On the other hand for certain stage races you do have to show up with enough teammates, else you have to forfeit. I don't remember if 2006 was a ProTour or some other "name" but Vino had to withdraw because most of his squad (and his director I think) was implicated in Operation Puerto and were not allowed to start. Your teammates can drop like flies after the start but you have to start with a certain number.
...
Notice also that in these certain stage races where you are forced to forfeit if your team doesn't show, there is also a team competition.
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Old 05-29-14, 08:29 AM   #25
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I would have a hard time arguing for team members to receive identical treatment to the first racer across the line in a crit or road race, but there's something to be said for some kind of official recognition of team players. Sure, you might argue that sometimes that recognition would be unearned, but don't the third string guys also get a Super Bowl ring? Not all team contributions happen on the field, too. There is some effort in many stage races to recognize teamwork with team prizes, but these competitions are pretty strange as they have little to no relationship to the actual value of teamwork provided.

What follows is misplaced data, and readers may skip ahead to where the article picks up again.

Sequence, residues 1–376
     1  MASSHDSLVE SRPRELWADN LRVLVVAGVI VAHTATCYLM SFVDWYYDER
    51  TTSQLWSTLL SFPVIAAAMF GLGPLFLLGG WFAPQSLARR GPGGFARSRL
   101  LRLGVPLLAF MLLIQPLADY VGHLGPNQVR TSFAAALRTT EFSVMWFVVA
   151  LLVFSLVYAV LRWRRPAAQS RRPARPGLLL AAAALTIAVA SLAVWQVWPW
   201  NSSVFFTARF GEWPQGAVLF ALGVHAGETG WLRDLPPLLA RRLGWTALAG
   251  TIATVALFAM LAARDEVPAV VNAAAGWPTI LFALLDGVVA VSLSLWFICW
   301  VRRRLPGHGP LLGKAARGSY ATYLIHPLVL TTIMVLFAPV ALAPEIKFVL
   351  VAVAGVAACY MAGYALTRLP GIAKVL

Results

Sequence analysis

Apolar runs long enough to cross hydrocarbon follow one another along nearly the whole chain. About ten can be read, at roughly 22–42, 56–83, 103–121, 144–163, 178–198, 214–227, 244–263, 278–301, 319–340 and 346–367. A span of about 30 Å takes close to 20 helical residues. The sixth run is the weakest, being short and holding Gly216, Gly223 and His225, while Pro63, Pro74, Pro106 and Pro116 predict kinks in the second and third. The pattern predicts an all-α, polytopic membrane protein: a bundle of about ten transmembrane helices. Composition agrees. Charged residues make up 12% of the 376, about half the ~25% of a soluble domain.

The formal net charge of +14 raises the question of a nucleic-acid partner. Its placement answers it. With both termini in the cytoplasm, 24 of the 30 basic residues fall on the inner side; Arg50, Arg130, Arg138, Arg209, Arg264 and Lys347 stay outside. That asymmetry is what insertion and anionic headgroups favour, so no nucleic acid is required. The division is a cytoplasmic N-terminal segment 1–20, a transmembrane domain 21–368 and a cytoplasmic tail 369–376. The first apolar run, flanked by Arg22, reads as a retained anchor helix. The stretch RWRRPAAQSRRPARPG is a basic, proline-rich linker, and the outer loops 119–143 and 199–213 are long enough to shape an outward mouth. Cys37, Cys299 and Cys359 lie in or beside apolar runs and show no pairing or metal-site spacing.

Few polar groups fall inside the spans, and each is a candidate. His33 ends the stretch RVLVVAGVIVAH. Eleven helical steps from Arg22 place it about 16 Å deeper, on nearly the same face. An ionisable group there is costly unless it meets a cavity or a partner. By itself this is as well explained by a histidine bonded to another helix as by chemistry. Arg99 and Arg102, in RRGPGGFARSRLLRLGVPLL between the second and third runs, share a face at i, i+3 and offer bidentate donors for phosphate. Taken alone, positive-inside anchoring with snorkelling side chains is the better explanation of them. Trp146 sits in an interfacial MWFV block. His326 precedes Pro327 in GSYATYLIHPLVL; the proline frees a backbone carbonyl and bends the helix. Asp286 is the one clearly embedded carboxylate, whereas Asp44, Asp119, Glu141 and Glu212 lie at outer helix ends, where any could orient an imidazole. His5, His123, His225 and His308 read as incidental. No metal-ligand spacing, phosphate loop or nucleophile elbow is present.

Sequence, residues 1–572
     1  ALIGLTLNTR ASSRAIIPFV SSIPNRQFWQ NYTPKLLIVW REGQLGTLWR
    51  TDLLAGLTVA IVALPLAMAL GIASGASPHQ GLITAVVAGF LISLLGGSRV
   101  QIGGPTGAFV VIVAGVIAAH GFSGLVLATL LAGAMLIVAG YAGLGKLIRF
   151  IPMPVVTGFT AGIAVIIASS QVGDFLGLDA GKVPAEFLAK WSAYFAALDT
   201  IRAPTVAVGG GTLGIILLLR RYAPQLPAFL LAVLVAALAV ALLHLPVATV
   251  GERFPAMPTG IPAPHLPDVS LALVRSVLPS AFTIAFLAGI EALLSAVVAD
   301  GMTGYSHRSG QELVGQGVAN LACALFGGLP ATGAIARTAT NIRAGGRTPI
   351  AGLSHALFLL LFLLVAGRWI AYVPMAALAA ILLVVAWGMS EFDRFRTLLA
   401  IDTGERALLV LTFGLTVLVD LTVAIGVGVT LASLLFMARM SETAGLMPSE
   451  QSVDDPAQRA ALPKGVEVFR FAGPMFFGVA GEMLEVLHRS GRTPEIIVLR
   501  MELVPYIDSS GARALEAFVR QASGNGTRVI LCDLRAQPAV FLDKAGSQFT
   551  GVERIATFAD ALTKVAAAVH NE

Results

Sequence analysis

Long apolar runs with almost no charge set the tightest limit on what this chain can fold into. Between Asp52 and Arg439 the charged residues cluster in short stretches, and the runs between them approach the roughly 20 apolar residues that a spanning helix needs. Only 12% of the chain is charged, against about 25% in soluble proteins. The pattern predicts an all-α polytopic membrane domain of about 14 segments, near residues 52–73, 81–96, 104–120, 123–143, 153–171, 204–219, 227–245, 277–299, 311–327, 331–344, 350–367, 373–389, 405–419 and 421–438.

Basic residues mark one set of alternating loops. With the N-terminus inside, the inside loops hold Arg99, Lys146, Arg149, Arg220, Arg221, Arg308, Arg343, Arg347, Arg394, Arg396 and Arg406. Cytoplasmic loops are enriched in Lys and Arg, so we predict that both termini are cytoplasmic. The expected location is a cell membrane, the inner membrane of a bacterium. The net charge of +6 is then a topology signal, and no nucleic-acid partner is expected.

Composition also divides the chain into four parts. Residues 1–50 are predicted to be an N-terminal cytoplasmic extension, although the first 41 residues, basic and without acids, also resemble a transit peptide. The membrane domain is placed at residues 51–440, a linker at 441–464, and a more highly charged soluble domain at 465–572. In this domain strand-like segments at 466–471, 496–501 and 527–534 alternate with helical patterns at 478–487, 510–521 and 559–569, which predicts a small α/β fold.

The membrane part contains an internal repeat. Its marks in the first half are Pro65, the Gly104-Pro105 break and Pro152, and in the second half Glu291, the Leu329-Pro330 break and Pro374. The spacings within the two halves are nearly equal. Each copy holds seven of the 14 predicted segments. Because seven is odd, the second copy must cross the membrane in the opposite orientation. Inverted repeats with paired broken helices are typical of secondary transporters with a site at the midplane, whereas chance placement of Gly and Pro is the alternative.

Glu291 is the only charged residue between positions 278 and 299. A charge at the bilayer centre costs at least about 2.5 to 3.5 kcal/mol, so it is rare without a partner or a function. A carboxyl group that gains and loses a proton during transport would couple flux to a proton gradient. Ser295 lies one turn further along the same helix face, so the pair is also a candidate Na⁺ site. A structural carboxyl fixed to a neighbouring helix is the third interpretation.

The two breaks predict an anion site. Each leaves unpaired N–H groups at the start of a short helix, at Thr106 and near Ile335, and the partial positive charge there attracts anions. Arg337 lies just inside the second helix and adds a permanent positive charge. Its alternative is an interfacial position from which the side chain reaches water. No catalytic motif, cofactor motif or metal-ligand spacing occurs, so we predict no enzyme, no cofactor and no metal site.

By the way, yes, USA Cycling does have the little team medals in the results for all event types that I'm aware of. They may even be included in ITTs.

Cycling actually isn't all that unusual compared to how some sports that we recognize unambiguously as team sports work. The success of a basketball team is pretty closely connected to the performance of a small number of star players on that team. Should we start awarding wins to LeBron James instead of to his team because he scored the most points? That bike race wins are awarded to the first across the line rather than by points scored*, most of the time, is an arbitrary reason to award wins individually. We do things this way as a matter of history and convention, not because the alternatives are unreasonable.

*Obviously, the points race and the Madison on the track are pretty good evidence that there are different ways to score a bike race, and the Madison in particular is a good example of awarding wins to teams rather than individuals. Because of the way the Madison works, one racer will typically score more of the actual points than the other, but teamwork is essential to success in the event, and is rewarded accordingly.

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LOL. Cause everyone's going to agree on the answer to thatquestion.